Friday, July 01, 2005

Process networks in medical research

I tripped over this interesting post by John Hagel: "Process networks in medical research," in which he describes the Myelin Repair Foundation (MRF). Former Silicon Valley CEO Scott Johnson founded MRF several years after being diagnosed himself with multiple sclerosis. Basically, he discovered that if he wanted an effective treatment in his lifetime, he would have to make it happen himself.

Here's how a recent Wall Street Journal article describes Johnson's approach of mandatory collaboration (truly radical in the cutthroat world of basic research):

"In February 2002 [Mr. Johnson] attended a research conference in Ventura, Calif., on myelin. While Mr. Johnson found the studies presented in formal sessions interesting, he hit paydirt chatting up the scientists in hallways and at the bar of the Ventura Beach Hotel. If you had to choose just a handful of scientists to receive funding for research on MS, he asked about 30 of them, whom would you pick? The names of the same five scientists came up again and again.

"Mr. Johnson invited the quintet to a meeting over Memorial Day weekend 2002. In the boardroom of Silicon Valley Bank in Santa Clara, Calif., he presented his vision. Repairing myelin, he said, is a "finite and definable" goal for MS therapy. He was prepared to raise significant sums for such research, but there was one condition.

"Mr. Johnson had come to realize that scientists typically keep their discoveries secret for years, the time it takes to methodically repeat an experiment to make sure the results are sound, write up a description of the methods and results, submit the manuscript to a scientific journal, wait for it to be critiqued, make the requested revisions, resubmit it, and wait some more until the journal publishes it. In the kind of research he was prepared to bankroll, the scientists had to agree to work as a team to develop and execute a coordinated research plan. Anyone who made a discovery had to share it with the other four labs right away."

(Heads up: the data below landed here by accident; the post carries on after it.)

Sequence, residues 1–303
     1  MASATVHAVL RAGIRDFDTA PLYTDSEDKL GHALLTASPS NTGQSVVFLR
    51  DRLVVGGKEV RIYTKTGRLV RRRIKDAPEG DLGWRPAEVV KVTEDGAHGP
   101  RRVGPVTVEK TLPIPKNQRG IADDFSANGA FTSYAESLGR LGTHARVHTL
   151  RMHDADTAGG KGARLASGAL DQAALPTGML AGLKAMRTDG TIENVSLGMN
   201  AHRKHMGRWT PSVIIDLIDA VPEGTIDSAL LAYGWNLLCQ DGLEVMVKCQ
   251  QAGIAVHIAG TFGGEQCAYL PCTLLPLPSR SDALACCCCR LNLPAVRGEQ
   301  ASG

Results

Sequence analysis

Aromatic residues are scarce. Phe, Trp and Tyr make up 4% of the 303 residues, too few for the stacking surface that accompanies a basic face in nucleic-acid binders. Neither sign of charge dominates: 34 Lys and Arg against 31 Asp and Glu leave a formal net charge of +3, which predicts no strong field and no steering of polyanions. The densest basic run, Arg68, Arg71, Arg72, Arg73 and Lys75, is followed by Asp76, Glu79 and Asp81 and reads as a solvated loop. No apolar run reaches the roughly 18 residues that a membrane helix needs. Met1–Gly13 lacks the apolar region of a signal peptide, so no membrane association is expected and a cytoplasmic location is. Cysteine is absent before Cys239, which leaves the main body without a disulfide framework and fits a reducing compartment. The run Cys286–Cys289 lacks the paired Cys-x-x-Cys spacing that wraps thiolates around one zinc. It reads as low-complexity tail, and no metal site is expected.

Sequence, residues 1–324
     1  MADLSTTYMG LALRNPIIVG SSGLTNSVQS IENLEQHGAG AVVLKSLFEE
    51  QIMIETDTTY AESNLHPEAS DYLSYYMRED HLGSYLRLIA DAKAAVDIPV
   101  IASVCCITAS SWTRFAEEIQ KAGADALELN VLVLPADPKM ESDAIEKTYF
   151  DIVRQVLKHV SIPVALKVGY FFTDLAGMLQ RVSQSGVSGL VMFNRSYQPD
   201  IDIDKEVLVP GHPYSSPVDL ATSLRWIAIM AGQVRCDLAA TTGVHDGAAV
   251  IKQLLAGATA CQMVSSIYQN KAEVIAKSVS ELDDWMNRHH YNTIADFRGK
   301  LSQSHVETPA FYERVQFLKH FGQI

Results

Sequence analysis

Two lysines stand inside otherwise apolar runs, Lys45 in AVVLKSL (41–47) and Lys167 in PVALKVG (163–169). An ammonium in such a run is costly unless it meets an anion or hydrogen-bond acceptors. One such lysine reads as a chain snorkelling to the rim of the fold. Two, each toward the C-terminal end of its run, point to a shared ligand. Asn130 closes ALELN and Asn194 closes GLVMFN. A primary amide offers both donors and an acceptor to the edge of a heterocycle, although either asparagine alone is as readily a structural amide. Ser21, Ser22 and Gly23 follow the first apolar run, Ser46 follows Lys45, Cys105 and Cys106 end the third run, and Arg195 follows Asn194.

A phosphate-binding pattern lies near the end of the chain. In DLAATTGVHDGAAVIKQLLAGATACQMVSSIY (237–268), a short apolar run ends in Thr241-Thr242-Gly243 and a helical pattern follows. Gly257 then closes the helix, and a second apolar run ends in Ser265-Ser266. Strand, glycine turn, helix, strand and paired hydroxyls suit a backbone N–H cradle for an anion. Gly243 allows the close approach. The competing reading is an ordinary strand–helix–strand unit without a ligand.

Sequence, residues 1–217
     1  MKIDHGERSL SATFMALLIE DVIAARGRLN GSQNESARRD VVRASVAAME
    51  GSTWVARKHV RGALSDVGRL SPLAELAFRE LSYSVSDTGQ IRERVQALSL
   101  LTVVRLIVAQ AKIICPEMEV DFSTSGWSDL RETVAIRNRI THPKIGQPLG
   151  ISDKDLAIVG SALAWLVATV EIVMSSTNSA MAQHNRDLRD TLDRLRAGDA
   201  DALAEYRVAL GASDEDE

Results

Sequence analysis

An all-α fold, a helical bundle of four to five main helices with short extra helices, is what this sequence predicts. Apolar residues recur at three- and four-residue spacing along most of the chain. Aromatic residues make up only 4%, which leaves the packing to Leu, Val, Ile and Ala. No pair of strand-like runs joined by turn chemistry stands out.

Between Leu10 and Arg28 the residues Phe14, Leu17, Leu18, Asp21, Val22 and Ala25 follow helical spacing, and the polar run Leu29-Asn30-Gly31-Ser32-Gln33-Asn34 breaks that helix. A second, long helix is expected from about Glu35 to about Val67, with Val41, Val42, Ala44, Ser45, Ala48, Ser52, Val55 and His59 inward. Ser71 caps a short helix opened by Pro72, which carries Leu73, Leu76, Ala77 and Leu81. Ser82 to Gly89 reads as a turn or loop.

Very cool! Though Hagel refers to this as a "process network," I encourage those of you intrigued by this approach to look up "production network" as well. The Barr Foundation in particular is doing a lot of great work under that name, which is quite similar to MRF. You can find more community-minded production network ideas here, which includes a reference to the relevant Center for Advancement of Collaborative Strategies in Health (CACSH). Perhaps we could get the folks working on health information liquidity to introduce these two foundations to each other? Imagine accelerating medical research not just by coordinating labs but also by providing those labs with huge archives of (properly secured) health records.


Anonymous said...

I got to your page because I was looking for more information on "process network" and folowed the link to Hagel - to end up where I started: he makes reference to the article in the Financial times "The benefits of a long-distance relationship", which was what brought me to the subject in the first place. So... a nice circle in this forest of internet information, but also quite nice to check that I am "with the right people" so to say.
Why am I interested in the subject? I believe it is an intelligent way to go about process and goodness knows we need some intelligence in life in general and in business in particular. I am going after your other links now. If you come to read this and can give me some advise on a good article or case study of using this type of reasoning, I would be most grateful. Sancha

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